Hamlet
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Campbell Scott is both star and co-director of this elaborate (albeit economically produced) four-hour TV version of Shakespeare's immortal tragedy Hamlet, Prince of Denmark. The film is based on Scott's earlier theatrical production of the same play, with several of the same actors repeating their same roles. Updated to 1900 New York, the text remains substantially the same as it has always been: Hamlet (Scott), the "melancholy" Danish prince, discovers to his horror that his late father, the King, was murdered by his brother (and Hamlet's uncle) Claudius (Jamey… More
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Rotten Tomatoes Score: 55%

Critic Reviews from Rotten Tomatoes

"It could prove almost as definitive -- and far more easily digestible -- than Branagh's textually complete version."
‑ Ken Eisner, Variety
"Icy-cold in its palette and unwaveringly cool in its application of modern settings and gizmos to a text that stands up to endless reinvention, this is a Hamlet that brings imagination matched by thoughtfulness to its appeal to both eye and ear."
‑ Susan Stark, Detroit News
"2000 version of Hamlet is just dreadful."
‑ Nell Minow, Common Sense Media
"The city becomes a living emblem of the tense coexistence of art and corporatism, an uneasy relationship which Almereyda emphasizes as the core conflict of his picture."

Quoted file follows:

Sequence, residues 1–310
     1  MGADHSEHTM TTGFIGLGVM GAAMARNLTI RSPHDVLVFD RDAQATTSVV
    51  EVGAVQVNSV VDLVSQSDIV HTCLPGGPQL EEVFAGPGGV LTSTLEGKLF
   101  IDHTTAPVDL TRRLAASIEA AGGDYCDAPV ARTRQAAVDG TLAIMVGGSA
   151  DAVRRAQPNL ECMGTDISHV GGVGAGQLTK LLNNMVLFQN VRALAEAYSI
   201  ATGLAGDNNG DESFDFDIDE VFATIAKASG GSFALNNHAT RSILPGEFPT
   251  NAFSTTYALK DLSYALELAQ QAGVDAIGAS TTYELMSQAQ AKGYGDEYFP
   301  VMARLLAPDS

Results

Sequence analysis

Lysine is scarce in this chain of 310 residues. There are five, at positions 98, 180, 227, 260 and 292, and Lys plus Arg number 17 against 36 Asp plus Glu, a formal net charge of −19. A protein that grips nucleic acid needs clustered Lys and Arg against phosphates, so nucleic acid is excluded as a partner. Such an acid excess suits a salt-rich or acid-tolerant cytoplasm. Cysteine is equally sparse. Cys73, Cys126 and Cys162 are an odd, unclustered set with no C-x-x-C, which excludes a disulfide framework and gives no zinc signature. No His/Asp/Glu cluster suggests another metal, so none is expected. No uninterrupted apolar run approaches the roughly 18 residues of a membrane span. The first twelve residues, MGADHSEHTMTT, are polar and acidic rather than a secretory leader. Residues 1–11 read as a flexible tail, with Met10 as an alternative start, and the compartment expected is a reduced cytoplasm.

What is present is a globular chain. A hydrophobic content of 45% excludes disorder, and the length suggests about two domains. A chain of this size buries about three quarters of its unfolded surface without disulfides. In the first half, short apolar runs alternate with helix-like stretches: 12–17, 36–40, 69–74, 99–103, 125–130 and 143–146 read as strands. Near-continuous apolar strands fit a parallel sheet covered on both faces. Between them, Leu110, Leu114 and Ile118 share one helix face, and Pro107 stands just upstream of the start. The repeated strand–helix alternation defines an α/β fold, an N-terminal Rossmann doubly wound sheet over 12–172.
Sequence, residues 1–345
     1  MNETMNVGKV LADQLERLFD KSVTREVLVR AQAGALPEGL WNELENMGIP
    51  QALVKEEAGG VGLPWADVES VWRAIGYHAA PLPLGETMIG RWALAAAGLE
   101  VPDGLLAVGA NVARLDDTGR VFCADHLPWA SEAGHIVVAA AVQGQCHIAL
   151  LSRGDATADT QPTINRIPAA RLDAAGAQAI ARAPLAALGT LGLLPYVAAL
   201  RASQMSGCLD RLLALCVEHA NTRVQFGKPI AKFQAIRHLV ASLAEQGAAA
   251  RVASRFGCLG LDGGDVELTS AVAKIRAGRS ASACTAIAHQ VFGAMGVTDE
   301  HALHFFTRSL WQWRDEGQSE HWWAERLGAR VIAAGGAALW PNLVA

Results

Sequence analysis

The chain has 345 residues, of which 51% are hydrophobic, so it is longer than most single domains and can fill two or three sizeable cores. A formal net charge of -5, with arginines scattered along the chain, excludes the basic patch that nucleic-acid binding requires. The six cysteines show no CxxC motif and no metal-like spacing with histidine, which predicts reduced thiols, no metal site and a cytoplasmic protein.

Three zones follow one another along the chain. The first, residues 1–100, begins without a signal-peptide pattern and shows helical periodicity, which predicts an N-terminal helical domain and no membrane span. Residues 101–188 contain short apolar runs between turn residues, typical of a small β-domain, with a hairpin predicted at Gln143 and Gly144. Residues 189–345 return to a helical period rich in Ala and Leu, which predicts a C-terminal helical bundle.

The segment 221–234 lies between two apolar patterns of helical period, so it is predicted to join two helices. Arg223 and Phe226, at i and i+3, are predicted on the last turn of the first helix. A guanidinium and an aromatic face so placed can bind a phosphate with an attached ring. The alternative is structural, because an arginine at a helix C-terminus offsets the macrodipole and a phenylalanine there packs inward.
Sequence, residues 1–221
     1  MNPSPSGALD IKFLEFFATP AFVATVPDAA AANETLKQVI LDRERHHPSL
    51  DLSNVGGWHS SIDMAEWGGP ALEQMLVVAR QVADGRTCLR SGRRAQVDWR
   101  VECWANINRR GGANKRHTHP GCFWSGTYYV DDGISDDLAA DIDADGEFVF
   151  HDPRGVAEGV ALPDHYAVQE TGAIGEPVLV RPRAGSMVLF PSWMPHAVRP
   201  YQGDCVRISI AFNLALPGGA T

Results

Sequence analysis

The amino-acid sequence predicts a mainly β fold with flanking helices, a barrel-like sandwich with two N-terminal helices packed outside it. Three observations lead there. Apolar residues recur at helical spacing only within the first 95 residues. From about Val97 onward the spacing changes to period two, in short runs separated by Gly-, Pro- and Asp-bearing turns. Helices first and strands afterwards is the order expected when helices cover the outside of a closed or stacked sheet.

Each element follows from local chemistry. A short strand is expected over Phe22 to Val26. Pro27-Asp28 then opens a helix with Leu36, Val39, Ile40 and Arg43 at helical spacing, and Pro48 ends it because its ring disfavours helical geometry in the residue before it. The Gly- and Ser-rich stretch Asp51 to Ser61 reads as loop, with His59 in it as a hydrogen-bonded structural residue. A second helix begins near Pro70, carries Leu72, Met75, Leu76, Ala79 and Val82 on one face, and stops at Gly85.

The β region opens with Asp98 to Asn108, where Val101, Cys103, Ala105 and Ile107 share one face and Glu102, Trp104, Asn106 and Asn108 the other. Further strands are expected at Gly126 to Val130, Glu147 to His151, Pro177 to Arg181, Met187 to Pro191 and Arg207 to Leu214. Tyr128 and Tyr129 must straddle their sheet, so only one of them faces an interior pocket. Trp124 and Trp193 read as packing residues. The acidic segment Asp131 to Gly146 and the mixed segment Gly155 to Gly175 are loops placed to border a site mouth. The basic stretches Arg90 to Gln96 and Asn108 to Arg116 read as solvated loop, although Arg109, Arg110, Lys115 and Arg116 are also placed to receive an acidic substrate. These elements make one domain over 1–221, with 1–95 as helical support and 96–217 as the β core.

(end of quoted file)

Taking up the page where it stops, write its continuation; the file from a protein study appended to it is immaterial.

‑ Nick Davis, Nick's Flick Picks
"No, Ethan Hawke can't do Shakespeare."
‑ Merle Bertrand, Film Threat
"The lines are read for the most part with more feeling for the angry-stepchild plot than for the iambic pentameter."
‑ Andrew Sarris, New York Observer
"The result is more than a mere gimmick and less than an unqualifed success, but yes -- it's always watchable."
‑ Rick Groen, Globe and Mail
"Almereyda pares the drama down to its bloody core, leaving a potent tale of despair, madness and loss."
‑ , Film4
"[This is] an imaginative and exciting update, lacking only the decent swordfight the ending demands."
‑ Matthew Turner, ViewLondon
"In a sense, it's B-movie Shakespeare, the same as Orson Welles' inspired version of Macbeth (1948), which was produced on a skimpy budget for a B-picture studio."
‑ Jeffrey M. Anderson, Combustible Celluloid
"Almereyda modernises and streamlines without trivializing, and amplifies poetic melodrama with regular ingenuity and energy."
‑ Derek Adams, Time Out
"By equating the garish feudalism of the play's original setting with the megalopolis of today's New York, [Almereyda is] at least on the right track. The problem is, it's just about his only track."
‑ Peter Rainer, New York Magazine
"The movie is almost playful in its mission to burrow around inside Hamlet and discover what's still relevant about it."
‑ Rob Gonsalves, eFilmCritic.com
"I guess Johnny Depp was busy, so they got the one that can't act."
‑ Chris Gore, Film Threat
"Hamlet is supposed to be melancholy, but Hawke plays him as a disturbed loner who is more likely to infect the world's computers with an e-mail virus than avenge his father's murder."
‑ Jeffrey Westhoff, Northwest Herald (Crystal Lake, IL)
More reviews for Hamlet on Rotten Tomatoes

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